Jesus is the key, and we can rejoice in that.  But – and this is what the disciples had to realize – Jesus is a living key.  We do not simply take what we can remember of his life and teachings and then use that to understand the Old Testament Scriptures, jiggling the key this way and that in order to unlock the mysteries.  Jesus as living Lord unlocked the Scriptures for the disciples while he was with them.  He showed them how the key must turn – that he had to suffer and die and be raised – and he patiently waited while they came to believe that his resurrected body – that still showed the scars made by crucifixion – his body, his person, he himself, resurrected was the key, and he would unlock for them the truth of salvation.    He was alive, and he would do that for them.  He is alive, and he will do that for us.  We can trust in Jesus, the living key.

     Now we need to fast forward a bit to our reading from Acts.  Here we find the disciples in a very different place.  Jesus has now ascended, and they are on their own.  Two of them, Peter and John, went to the temple to pray, and a lame man, who was lying by the temple gate, begged them for money.  Instead of giving him a handout, they healed him by calling on the name of Jesus.  A large crowd gathered to see what had happened, and Peter took this as an opportunity to preach. 

     The essence of his sermon was to explain to the Israelites that Jesus was the key to understanding their own Scriptures and tradition.  The God they knew was now acting through Jesus Christ, and Peter identified him as “the Holy and Righteous One” and “the Author of life.”  This Jesus was the one they had crucified, and Peter called on them to repent and believe, because they had acted out of ignorance; they didn’t understand who Jesus was.

     There is a lot going on here that is instructive for us.  First, we should note the amazing change that had come over the disciples.  They were no longer cowering in a locked room fumbling with the key to a salvation that they didn’t understand.  They had become witnesses who could testify to the fact that Jesus was alive and that he was the key.  Jesus had told them in that locked room that they would be witnesses, and now Peter was confirming that they were witnesses to all that God had done in Jesus Christ.  Before, they were timid and terrified.  Now they were confident and assured, brave and outspoken.  Jesus had opened their minds to understand the Scriptures, and they were now opening the minds of their fellow Israelites, giving them the key, so that they could understand.  This is the kind of certainty we too can have when we realize that Jesus is the key, the only key, who will open the mysteries of God for us.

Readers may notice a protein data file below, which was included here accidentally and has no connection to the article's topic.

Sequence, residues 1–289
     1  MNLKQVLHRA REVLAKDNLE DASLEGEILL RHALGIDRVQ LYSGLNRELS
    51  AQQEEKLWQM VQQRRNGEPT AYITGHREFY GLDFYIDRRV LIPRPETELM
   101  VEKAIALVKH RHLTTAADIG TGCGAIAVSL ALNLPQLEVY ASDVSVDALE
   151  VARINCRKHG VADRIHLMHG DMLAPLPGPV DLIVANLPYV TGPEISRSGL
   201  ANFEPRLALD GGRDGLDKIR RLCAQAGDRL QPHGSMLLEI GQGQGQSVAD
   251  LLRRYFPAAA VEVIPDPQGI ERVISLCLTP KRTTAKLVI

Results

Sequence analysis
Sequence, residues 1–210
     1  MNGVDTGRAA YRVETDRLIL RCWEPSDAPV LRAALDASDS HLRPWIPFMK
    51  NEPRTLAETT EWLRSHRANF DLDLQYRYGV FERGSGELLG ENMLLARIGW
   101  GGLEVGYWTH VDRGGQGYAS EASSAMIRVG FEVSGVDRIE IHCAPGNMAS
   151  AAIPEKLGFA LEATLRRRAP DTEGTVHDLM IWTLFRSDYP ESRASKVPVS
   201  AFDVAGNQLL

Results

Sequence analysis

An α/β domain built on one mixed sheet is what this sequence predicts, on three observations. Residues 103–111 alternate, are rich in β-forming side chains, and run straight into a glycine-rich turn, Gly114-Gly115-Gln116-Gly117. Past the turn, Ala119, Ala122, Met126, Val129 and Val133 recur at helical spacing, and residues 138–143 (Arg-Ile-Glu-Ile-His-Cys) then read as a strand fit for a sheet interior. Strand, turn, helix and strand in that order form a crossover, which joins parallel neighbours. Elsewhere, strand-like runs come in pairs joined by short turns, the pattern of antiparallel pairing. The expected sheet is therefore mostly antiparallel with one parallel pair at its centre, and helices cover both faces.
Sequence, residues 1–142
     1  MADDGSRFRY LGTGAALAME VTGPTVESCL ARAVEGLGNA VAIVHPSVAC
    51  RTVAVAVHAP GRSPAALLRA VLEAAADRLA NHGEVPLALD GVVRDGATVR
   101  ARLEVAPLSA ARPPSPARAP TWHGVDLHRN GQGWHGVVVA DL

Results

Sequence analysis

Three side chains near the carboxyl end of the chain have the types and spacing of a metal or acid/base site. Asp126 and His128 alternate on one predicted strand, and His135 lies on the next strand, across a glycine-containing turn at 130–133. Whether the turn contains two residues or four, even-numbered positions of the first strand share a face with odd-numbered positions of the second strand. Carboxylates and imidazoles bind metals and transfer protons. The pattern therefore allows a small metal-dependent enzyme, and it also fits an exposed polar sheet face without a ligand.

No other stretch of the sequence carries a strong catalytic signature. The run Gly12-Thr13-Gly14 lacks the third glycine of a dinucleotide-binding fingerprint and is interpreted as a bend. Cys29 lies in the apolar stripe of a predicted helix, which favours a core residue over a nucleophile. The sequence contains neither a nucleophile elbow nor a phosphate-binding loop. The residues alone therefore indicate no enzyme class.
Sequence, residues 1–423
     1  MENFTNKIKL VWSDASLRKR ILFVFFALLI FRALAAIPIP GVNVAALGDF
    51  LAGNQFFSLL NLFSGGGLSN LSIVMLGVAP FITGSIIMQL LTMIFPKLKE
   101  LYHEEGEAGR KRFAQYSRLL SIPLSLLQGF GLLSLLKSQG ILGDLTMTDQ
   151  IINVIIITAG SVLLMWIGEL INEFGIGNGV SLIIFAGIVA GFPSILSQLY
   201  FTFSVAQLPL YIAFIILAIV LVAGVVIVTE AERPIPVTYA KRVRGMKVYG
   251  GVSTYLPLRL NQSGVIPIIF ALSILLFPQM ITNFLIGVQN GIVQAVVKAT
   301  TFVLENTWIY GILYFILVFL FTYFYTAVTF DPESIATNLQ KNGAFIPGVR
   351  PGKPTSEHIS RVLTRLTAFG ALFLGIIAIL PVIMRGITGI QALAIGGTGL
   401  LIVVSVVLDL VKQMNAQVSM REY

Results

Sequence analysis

Even more importantly, the disciples now recognized that the resurrected Jesus was still active and powerful in the world.  They took great pains to explain to the crowd that they had not healed the lame man through their own power or piety.  They were not the key to this miraculous healing; Jesus was the key.  They spelled it out for the Israelites, so that there could be no misunderstanding.  “By faith in his name, his name itself has made this man strong…and the faith that is through Jesus has given him this perfect health in the presence of all of you.” 

     Just so that we don’t misunderstand, Peter wasn’t saying that the name of Jesus was some kind of magic word that would bring about healing.  In his mind, the name and the person of Jesus were one and the same.  Clearly, Peter wanted the Israelites to understand that Jesus was the living key, and it was the resurrected Lord himself who had healed the lame man.  As we too are called to be witnesses who engage in acts of ministry, we are reminded that our confidence is not in ourselves or our own power or piety, but in the name, that is, the living person of Jesus Christ who brings health and wholeness and the forgiveness of sins.

     Jesus comes to us in our locked room.  He comes to us when we are frightened, questioning, and confused.  He gives us the key to understand God’s mighty acts of salvation.  He himself is that key, a living key that will unlock in our lives the possibility of faith.  He makes us witnesses, and calls us to live as his brave and outspoken disciples in the power of his resurrected presence.  You have been given the key, and it is a key that you can trust and rely upon, a living key.  What are you going to do with the key?  That’s something for us to think about on this third Sunday in the Easter season.